One of the easiest ways to take your dish to the next level is to use fresh herbs. However not every herb is going to mix well with your dish. Each herb has a certain taste that may will only pair well with the flavor pallet of certain dishes. So how do you know that you are picking out the right herbs to use. Here we have the top five most popular herbs and the dishes that they go best with.
A close relative to mint, basil has a floral anise- and clove-like flavor and aroma. There are two main types of basil: Sweet, or Genoese, basil and Asian basils. In Western cuisine, basil is most often associated with Mediterranean foods like pesto and tomato sauce. Sweet basil pairs naturally with tomatoes, but it can be used with almost every type of meat or seafood. Asian basil has a more distinct anise flavor and is often used in soups, stews, stir-fries and curry pastes.
One of the most common and versatile herbs used in Western cooking, parsley has a light peppery flavor that complements other seasonings. It's most often used in sauces, salads and sprinkled over dishes at the end of cooking for a flash of green and a fresh taste. Flat-leaf or Italian parsley has the best texture and flavor for cooking. Curly parsley is best used only as a garnish.
Cilantro, also called coriander, has a flavor that some people find "soapy," but it's still one of the world's most popular spices. Many people are addicted to its bright refreshing flavor, and it's a staple of Latin and Asian cooking. The sweet stems and leaves are usually eaten raw, added after a dish has been cooked. The roots are used to make Thai curry pastes.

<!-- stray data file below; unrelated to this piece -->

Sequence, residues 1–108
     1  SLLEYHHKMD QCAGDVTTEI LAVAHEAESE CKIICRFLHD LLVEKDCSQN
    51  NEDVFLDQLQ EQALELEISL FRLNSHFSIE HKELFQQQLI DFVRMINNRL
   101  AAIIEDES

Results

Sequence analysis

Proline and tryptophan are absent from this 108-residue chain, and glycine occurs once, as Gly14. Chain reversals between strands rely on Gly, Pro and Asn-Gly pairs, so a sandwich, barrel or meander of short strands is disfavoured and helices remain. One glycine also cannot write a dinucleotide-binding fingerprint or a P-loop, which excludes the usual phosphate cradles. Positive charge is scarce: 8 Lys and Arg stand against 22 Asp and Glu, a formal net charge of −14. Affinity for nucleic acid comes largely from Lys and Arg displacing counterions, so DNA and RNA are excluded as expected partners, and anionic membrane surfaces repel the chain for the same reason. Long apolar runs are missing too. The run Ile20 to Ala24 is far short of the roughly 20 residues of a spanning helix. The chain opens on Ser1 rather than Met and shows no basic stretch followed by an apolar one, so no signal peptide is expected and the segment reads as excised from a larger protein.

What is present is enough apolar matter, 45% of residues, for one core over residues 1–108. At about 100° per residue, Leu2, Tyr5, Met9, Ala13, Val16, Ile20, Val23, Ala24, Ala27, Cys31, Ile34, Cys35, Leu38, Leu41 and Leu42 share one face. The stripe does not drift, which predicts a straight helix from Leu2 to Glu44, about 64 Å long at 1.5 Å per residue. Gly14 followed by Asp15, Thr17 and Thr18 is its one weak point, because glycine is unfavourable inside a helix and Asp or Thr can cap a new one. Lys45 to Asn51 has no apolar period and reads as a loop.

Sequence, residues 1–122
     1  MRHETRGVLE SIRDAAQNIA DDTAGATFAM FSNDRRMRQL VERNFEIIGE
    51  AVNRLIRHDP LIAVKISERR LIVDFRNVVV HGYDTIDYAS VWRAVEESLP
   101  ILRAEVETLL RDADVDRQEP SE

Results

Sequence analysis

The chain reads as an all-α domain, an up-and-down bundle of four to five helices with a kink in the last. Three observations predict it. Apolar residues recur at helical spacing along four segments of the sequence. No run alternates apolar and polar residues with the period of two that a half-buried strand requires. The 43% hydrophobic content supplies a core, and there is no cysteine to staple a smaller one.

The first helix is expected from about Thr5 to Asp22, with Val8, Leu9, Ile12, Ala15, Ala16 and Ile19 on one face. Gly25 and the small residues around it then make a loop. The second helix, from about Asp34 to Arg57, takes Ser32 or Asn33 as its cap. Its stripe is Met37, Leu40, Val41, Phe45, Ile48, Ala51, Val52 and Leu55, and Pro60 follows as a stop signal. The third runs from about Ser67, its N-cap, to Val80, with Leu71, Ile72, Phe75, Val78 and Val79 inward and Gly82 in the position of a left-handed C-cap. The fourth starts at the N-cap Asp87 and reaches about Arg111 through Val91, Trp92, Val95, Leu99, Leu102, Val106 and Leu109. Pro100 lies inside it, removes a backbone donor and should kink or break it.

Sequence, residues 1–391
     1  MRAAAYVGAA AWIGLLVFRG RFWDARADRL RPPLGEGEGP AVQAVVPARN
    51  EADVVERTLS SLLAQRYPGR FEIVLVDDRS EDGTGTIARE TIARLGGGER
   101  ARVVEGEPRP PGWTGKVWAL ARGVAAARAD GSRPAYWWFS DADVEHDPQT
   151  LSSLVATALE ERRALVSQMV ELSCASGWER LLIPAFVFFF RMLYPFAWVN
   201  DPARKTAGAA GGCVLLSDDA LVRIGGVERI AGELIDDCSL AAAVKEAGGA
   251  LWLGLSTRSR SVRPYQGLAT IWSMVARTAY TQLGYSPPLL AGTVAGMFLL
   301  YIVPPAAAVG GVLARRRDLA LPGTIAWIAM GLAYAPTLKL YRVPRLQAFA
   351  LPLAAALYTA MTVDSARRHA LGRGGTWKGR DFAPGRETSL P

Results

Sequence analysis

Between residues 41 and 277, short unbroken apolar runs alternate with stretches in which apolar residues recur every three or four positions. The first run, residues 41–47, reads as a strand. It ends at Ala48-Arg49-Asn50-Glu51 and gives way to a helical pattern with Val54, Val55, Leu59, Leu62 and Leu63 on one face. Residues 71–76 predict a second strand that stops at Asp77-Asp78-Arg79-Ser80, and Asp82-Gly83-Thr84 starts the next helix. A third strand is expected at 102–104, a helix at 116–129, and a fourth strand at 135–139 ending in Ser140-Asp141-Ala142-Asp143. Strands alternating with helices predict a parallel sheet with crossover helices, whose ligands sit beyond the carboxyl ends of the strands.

Although more commonly associated with sweet treats, mint lends its cooling, peppery bite to plenty of savory dishes, particularly from the Middle East and North Africa. Fresh mint is perfect for summer-fresh salads, to liven up a sauce and or to brew fragrant teas. The cooling flavor is also used to temper spicy curries.
A tough, woody herb with a pungent flavor, rosemary's spiky leaves can be used fresh or dried for long cooking in soups, meats, stews or sauces. Because the flavor is strong, it's best to add rosemary sparingly at first and more if needed. Fresh rosemary can be stored for about a week in the fridge either in a plastic bag or stems down in a glass of water with a plastic bag around the top.
However never be afraid to experiment in the kitchen! Try to create your own flavor combinations and remember to have fun with it. Read about more fresh herbs at Foodnetwork.com .